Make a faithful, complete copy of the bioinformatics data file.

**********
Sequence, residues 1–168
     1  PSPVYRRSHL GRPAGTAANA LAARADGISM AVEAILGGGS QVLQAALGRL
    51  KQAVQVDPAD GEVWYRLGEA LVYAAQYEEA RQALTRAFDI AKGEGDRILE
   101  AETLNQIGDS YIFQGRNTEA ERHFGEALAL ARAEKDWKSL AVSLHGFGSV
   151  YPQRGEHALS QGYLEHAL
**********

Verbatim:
Sequence, residues 1–168
     1  PSPVYRRSHL GRPAGTAANA LAARADGISM AVEAILGGGS QVLQAALGRL
    51  KQAVQVDPAD GEVWYRLGEA LVYAAQYEEA RQALTRAFDI AKGEGDRILE
   101  AETLNQIGDS YIFQGRNTEA ERHFGEALAL ARAEKDWKSL AVSLHGFGSV
   151  YPQRGEHALS QGYLEHAL